rock clumps of potatoes. My first job
is a ritual of plastic gloves, a conveyor belt,
and a sacred mountain of starch at the end
of the hangar-like farm outbuilding.
We are all women. I’m thirteen,
just old enough to work here. The others
are poor, some are missing teeth,
their eyes wrinkle when they laugh.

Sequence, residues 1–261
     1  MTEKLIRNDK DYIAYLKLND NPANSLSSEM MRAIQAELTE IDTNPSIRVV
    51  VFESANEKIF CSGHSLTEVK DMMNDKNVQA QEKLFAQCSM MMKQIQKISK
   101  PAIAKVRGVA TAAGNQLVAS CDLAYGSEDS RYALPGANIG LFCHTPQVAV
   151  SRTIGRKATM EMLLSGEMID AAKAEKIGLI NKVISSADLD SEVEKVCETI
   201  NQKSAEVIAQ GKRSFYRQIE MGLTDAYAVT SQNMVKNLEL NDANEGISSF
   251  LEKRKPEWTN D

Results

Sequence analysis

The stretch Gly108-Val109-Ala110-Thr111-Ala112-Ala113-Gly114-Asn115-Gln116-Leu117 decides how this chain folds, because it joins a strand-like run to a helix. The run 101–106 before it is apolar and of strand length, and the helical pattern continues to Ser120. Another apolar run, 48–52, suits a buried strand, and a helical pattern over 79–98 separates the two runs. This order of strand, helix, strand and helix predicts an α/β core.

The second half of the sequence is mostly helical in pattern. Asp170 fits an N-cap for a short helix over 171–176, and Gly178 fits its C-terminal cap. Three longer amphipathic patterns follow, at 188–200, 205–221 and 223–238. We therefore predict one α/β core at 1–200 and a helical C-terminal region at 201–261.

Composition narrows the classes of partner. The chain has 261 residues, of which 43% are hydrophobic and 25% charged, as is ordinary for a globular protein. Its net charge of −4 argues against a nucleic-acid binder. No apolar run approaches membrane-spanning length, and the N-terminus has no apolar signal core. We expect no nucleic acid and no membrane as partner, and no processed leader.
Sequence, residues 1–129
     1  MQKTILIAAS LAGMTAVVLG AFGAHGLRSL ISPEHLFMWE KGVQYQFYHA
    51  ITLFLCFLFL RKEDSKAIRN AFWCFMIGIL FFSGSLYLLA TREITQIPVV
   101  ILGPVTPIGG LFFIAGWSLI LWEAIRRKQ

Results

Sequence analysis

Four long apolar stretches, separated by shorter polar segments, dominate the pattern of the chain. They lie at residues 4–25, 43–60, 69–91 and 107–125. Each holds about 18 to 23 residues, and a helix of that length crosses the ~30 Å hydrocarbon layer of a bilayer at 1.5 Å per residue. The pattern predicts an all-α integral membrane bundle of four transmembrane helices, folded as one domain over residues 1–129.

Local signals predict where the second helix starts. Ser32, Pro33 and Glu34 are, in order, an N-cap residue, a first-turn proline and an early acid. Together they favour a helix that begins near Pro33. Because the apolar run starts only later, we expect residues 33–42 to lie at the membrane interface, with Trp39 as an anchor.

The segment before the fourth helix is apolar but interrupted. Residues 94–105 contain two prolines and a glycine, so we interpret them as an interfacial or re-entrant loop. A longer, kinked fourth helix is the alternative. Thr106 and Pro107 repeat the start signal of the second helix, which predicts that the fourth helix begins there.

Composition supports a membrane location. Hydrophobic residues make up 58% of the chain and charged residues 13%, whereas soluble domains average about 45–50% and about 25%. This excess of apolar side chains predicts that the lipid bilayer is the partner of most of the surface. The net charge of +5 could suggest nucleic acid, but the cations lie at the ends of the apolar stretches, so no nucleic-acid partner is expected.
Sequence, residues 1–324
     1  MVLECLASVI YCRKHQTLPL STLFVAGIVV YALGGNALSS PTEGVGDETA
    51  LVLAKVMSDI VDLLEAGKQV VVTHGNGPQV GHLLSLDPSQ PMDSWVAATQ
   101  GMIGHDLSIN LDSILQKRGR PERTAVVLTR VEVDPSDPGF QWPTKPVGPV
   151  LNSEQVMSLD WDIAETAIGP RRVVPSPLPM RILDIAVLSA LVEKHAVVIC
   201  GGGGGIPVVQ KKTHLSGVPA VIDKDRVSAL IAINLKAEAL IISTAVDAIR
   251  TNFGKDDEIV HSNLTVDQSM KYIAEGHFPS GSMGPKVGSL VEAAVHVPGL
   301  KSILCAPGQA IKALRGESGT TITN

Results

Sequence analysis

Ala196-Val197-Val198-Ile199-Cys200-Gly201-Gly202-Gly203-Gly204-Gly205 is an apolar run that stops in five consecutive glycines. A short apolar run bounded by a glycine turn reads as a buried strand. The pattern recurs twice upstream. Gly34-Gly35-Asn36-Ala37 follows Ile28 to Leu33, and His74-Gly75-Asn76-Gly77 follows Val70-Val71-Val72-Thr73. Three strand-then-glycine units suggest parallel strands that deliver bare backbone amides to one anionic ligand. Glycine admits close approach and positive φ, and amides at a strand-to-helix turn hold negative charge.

They challenge me to potato-cleaning
contests to pass the time until lunch.
Our fingers often catch in the machine.
It stops automatically: we look at each other
in accusation. The guilty woman shrugs,
nurses a pinched thumb or forefinger.
We palm stones and dream of rings,
we hope the clock will click to home.
We rub off clumps of dirt, throw out imposters,
cull out the rotten and the bug-ridden.
Our hands slide over each potato: the thin skin
and the rough. I’m the kid with the bright
yellow gloves. I can’t remember any of their faces.